Big Ass Spider
US (2013) Dir. Mike Mendez
Pest exterminator and spider expert Alex Mathis (Greg Grunberg) is at the local hospital after receiving a spider bite to his arm at the same time a group of military officers, led by Major Braxton Tanner (Ray Wise) and Lieutenant Karly Brant (Clare Kramer) arrive at the hospital to reclaim the corpse which was accidentally delivered there. When a morgue worker is bitten by what he claims is a large spider Alex is hired to hunt it down. However Tanner reveals the spider is in fact the accidental result of an experiment involving alien DNA once the now giant arachnid has escaped the hospital and is now feasting on human flesh in downtown LA.
As an arachnophobe I probably shouldn’t have watched this film. Then again I am a sucker for a giant monster movie and despite its low budget credentials opinion was high on this so I caved in and sought it out. As the reviews have correctly proclaimed this is actually well made and exceeds its B-movie budget and status. Director Mike Mendez has a number of similarly obscure titles to his credit, his name mostly recognised in the editing department, yet this film proves he is more than capable of spinning a decent yarn and this is a decent yarn that delivers exactly what it says in the title.
The fact that the titular arachnid is half alien explains its increasing growth during the film and its hunger for human flesh, although it is just as comfortable dousing its victims in acid and wrapping them up in its webbing. Our extrovert hero Alex is happy to play the hero when he thinks his quarry is a regular sized “big” spider unaware of just what really awaits him. Alex is such a fan of spiders that he has one tattooed on his arm and he claims he can think like them. Once the truth is revealed Tanner and his team arrogantly decide Alex has done enough and dismiss him but, spurred on by Mexican security guard Jose (Lombardo Boyar), he decides to tag along anyway, hoping his knowledge will benefit the mission.
There are many notable nods to the monster movies of the past present here than keen eyes viewers will have spotted while modern audiences might think them clichés and all too familiar crutches of the convention. At the head of the queue is the spider’s debut appearance. While the lights flicker on and off in the morgue a singular spider leg sneaks out from inside the body bag, with the first attack taking place in the dark. While a hackneyed set-up Mendez does create a sense of palpable tension, repeated again a few scenes later when a near paralysed patient becomes its second victim.
Having had its fill of patrons at a nearby park the spider heads for the city and takes root on top of city hall where it lays its eggs, leading to the obligatory King Kong tribute act as the military lead an air strike against the rampaging monster. Where Kong had Fay Wray, our eight legged horror has Karly, who conveniently is the only victim the spider doesn’t eat or kill. Having unsuccessfully tried to woo the frosty and professional token female, Karly provides a secondary (or primary) motive for Alex to save the day when Tanner finally realises that perhaps he is useful after all.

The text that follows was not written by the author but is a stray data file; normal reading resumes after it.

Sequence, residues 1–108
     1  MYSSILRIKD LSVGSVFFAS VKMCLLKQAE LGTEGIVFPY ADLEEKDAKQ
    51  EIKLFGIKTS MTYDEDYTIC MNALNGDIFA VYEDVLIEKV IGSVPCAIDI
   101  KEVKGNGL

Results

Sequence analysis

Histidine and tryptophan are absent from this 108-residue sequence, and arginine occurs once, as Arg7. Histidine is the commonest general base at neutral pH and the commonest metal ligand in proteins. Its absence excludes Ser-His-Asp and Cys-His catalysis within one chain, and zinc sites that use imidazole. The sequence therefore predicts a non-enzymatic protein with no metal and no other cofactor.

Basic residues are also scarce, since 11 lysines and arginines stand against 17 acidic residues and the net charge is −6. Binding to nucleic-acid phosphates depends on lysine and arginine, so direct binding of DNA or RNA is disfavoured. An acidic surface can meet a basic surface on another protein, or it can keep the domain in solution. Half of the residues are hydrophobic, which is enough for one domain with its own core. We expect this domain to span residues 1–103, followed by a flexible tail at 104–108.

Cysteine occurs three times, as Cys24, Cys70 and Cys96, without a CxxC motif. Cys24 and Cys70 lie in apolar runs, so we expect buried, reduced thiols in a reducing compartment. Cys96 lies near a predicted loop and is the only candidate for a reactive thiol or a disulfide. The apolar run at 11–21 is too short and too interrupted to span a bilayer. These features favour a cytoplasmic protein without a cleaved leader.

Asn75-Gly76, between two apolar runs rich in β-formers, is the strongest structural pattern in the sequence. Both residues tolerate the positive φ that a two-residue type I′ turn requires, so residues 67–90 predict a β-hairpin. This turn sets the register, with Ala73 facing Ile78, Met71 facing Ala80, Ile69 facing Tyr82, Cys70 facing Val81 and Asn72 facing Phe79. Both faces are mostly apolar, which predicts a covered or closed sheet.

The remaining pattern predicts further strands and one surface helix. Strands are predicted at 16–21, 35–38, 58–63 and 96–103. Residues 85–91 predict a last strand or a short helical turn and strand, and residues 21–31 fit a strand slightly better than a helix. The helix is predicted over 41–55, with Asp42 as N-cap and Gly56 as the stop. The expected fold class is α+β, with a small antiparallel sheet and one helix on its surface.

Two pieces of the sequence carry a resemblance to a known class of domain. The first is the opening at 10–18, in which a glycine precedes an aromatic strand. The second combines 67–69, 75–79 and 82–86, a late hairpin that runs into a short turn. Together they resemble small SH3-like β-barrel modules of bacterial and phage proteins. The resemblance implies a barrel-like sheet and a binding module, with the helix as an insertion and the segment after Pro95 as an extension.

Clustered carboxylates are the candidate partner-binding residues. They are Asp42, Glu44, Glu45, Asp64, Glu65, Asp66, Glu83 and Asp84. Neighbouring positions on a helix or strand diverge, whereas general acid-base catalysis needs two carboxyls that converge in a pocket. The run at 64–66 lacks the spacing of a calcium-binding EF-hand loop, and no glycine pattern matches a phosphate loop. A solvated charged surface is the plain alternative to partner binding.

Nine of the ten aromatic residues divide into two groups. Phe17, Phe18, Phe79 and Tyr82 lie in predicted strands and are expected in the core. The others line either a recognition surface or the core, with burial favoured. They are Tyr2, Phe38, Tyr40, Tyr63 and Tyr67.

Obviously the talking point for many film fans will be the effects and how convincing the spider looks. In this age of photo realistic CGI renderings with Hollywood’s mega budgets setting and raising the bar with each passing project, a film of this nature lives and dies by its visual prowess. The good news is that despite the comparatively meagre budget he had to work with Mendez and his SFX crew gives us an admirable looking film with a decent looking main creature. Its movements are certainly well observed and credible while the alien aspect of its make up allows for some liberties to be taken with the unique design. The only time the cheapness is exposed is with some of the explosions, blood shed and other peripheral reaction effects.
Aside from a few continuity errors involving Karly – one minute she is fully made up the next she is make-up free – the production values are consistent and very competent. The camerawork is crisp and well framed, impressing with aerial shots of the spider running wild in the park (complete with scantily clad women being chased and devoured) to the climactic sky-scraping showdown. On the whole one would have to be extremely petty to complain.
It may only be 80 minutes long but it tells it story to completion and packs in a lot of action and developments along the way. It’s a good humoured affair with its tongue firmly in its cheek and Mendez is very much aware of ensuring the audience know this. Dom Joly look-a-alike Alex a wise cracking everyman who acts as the conduit for the audience, confirming the various references and loving homage moments they have already spotted. He also forms a fun team with Jose who manages to stay on the right side of being as token stereotype, contributing a lot to much of the film’s humour. What is slightly infuriating however is how Karly is all tough and independent at the start of the film but slowly, but not completely, devolves into a damsel in distress.
The bottom line is that against all odds Big Ass Spider delivers a whole heap of retro-fun for fans of the giant monster genre while has enough modern flair and energy to appeal to modern audiences. It doesn’t overstretch its ambitions and can’t be mistaken for high art, thus it is easily recommended as a quick escapist fix for the film fan who doesn’t want to have to think for 80 minutes.